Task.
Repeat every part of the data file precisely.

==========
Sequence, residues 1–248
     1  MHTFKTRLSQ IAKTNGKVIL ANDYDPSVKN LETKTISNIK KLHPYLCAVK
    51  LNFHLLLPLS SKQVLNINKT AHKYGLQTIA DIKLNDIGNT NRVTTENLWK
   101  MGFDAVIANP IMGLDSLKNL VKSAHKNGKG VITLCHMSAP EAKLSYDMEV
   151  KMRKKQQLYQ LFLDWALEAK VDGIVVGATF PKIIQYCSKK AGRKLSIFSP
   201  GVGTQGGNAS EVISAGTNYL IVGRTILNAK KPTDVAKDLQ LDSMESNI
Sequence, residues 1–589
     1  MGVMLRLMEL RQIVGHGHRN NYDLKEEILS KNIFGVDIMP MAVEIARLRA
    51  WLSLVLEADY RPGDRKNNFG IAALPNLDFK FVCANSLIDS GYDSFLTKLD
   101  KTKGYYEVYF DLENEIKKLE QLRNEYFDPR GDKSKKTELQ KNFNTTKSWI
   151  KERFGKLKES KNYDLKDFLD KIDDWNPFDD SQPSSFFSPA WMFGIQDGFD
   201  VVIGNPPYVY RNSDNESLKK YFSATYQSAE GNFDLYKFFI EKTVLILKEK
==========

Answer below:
Sequence, residues 1–248
     1  MHTFKTRLSQ IAKTNGKVIL ANDYDPSVKN LETKTISNIK KLHPYLCAVK
    51  LNFHLLLPLS SKQVLNINKT AHKYGLQTIA DIKLNDIGNT NRVTTENLWK
   101  MGFDAVIANP IMGLDSLKNL VKSAHKNGKG VITLCHMSAP EAKLSYDMEV
   151  KMRKKQQLYQ LFLDWALEAK VDGIVVGATF PKIIQYCSKK AGRKLSIFSP
   201  GVGTQGGNAS EVISAGTNYL IVGRTILNAK KPTDVAKDLQ LDSMESNI
Sequence, residues 1–589
     1  MGVMLRLMEL RQIVGHGHRN NYDLKEEILS KNIFGVDIMP MAVEIARLRA
    51  WLSLVLEADY RPGDRKNNFG IAALPNLDFK FVCANSLIDS GYDSFLTKLD
   101  KTKGYYEVYF DLENEIKKLE QLRNEYFDPR GDKSKKTELQ KNFNTTKSWI
   151  KERFGKLKES KNYDLKDFLD KIDDWNPFDD SQPSSFFSPA WMFGIQDGFD
   201  VVIGNPPYVY RNSDNESLKK YFSATYQSAE GNFDLYKFFI EKTVLILKEK